Writing your own Lambda function for secret rotation | AMIS, Data Driven Blog

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A few weeks ago I published a blog about secret rotation [1], I used the default Lambda functions for single user and multi users that are maintained by AWS. In this blog, I will go one step further and change one of those Lambda functions for my own way of working.

I want to change the Multi User Lambda function in a way that not just the password is rotated, but that I also change the username. A part of the username is fixed (f.e. webuser-) and then some randomized characters are added. Even though the complexity of the password is already high with 32 characters, by adding some randomized characters to the username it is more difficult to do brute force attacks on usernames that you don’t know. This is also true when you might know or guess the prefix of the username.

My Lambda function has the following environment variables:

SECRETS_MANAGER_ENDPOINT Same as original Multi User Lambda, use https://secretsmanager.$AWS::REGION.amazonaws.com. This environment variable is mandatory.
EXCLUDE_CHARACTERS Same as original Multi User Lambda, default is /, @ and \
PREFIX Prefix of the username, defaults to user
RANDOM_LENGTH Number of randomized characters in the username, defaults to 5
Environment variables for my custom Lambda function

Based on the defaults, you will get usernames like ‘user-gW7nm’. The maximum length of a username is 32 characters. In the standard AWS Lambda functions this is 16 characters.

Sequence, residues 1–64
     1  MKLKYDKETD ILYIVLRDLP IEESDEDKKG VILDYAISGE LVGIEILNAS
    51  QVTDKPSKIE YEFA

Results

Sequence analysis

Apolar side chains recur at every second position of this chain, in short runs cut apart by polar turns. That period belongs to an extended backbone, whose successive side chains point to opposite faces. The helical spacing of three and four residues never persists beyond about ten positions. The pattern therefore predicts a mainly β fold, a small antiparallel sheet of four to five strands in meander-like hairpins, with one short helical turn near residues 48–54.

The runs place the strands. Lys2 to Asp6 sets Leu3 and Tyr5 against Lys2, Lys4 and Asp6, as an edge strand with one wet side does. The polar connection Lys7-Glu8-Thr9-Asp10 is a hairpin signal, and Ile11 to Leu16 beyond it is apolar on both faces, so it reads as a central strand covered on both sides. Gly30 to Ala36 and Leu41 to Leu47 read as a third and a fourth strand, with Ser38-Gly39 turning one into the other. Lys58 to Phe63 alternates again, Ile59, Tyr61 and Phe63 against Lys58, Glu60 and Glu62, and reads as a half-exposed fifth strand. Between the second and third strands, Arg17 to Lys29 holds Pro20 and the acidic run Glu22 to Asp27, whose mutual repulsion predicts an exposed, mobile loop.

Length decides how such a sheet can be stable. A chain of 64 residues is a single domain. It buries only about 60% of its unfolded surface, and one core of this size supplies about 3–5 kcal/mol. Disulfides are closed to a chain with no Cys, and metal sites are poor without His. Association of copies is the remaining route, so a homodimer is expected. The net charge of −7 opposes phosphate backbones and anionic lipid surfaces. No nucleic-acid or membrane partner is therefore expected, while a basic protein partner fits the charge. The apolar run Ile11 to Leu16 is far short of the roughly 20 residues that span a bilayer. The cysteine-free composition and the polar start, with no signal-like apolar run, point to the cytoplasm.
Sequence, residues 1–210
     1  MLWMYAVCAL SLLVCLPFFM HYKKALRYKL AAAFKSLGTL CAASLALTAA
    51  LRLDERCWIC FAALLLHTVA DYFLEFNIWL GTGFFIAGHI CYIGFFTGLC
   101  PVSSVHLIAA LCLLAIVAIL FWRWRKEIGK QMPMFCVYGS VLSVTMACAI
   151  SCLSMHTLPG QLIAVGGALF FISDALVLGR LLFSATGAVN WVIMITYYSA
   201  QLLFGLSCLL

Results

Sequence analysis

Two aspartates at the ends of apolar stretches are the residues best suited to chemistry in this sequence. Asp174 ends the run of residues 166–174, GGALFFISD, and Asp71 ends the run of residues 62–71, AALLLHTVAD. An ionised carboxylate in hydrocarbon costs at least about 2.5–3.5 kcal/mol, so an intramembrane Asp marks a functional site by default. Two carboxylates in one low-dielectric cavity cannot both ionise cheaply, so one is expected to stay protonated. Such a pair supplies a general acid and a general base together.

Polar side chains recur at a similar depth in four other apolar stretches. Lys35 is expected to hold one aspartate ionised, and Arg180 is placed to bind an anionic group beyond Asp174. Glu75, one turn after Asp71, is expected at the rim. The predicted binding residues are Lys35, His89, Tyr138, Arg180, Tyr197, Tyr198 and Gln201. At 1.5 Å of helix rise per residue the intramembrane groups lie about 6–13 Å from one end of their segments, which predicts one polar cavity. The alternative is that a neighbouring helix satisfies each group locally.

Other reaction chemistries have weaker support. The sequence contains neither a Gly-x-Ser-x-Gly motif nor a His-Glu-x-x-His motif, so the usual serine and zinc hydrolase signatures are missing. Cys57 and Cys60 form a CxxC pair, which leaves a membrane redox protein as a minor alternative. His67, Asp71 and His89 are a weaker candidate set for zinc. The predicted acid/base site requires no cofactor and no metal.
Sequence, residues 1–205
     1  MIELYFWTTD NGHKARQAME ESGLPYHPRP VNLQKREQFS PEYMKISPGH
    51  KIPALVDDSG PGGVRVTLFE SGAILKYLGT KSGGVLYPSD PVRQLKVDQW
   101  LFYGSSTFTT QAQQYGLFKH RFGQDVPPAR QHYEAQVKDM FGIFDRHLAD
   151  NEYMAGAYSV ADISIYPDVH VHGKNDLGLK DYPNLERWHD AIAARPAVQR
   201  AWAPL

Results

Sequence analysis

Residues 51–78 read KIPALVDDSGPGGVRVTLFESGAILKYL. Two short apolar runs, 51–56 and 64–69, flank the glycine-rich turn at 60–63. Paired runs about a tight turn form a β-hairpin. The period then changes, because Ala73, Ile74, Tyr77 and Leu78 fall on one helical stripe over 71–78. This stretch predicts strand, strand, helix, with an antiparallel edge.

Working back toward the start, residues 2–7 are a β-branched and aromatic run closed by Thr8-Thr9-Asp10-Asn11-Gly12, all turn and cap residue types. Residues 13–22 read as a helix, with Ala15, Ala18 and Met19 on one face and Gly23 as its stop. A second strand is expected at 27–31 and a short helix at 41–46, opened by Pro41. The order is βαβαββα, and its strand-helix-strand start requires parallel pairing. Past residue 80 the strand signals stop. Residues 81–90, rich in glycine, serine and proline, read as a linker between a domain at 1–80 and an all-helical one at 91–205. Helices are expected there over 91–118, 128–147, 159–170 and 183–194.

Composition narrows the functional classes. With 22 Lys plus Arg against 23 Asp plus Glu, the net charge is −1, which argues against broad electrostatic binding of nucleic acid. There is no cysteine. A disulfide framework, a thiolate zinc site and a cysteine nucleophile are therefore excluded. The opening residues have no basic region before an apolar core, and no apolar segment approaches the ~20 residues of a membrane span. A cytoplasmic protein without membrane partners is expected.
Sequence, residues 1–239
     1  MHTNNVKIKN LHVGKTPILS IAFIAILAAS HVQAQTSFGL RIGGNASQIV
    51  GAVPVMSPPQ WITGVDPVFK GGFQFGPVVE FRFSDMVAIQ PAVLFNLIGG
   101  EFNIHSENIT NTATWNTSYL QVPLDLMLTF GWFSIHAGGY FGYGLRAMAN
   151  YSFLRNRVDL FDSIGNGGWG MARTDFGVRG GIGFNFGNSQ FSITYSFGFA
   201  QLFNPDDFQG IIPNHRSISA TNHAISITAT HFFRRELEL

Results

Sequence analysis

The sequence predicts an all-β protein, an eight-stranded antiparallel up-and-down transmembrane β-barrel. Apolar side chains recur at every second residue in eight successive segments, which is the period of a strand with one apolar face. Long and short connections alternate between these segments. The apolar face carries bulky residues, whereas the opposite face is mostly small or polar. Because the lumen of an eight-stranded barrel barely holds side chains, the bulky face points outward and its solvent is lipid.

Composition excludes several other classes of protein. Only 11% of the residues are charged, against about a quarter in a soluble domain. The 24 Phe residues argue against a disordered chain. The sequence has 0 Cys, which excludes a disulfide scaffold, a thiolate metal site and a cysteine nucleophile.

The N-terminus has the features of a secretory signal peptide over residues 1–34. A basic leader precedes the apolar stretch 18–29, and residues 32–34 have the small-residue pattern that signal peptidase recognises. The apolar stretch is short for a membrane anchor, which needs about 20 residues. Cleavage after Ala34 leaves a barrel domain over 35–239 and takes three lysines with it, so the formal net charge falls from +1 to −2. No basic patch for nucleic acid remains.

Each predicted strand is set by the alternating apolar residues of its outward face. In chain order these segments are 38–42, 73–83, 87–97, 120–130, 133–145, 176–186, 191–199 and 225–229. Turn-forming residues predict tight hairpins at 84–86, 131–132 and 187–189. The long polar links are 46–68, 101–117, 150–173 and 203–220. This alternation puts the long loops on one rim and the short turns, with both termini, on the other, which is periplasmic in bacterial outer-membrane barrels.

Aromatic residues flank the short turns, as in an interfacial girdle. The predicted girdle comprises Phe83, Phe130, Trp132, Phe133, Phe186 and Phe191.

The secret has the same format as the AWS Multi User Lambda function:

   "engine": "mysql",
   "host":  "<instance host name/resolvable DNS name>",
   "username": "<username>",
   "password": "<password>",
   "dbname": "<database name. If not specified, defaults to None>",
   "port": "<TCP port number, if not specified, defaults to 3306>"
   "masterarn": "arn of a secret of a database user that has CRUD (Create, Read, Update, Delete) permissions on the database"

I’m using the standard AWS Single-User Key rotation for the main database user with Create, Read, Update and Delete permissions.

How to start

AWS did a great job by making the default software rotation open source [2], so you can take the software from AWS and add your own code to that. I used the same coding style as the original Lambda functions.

I had some issues to get this working: when you use

pip install -r .\Lambdas\requirements.txt --target .\Lambdas 

in Windows and then deploy the software you will get the error “AttributeError: module ‘cryptography.hazmat.bindings._rust.openssl’ has no attribute ‘hashes’”.

When I read that I needed Windows Subsystem for Linux (WSL) because the Lambda function is using Linux, I tried this command again from WSL. I then got the error “RuntimeError: ‘cryptography’ package is required for sha256_password or caching_sha2_password auth methods“, even though the cryptography library was part of the zip file. Changing the environment variables of the Lambda function to search for the Python packages in the right place (/var/task) didn’t solve this issue.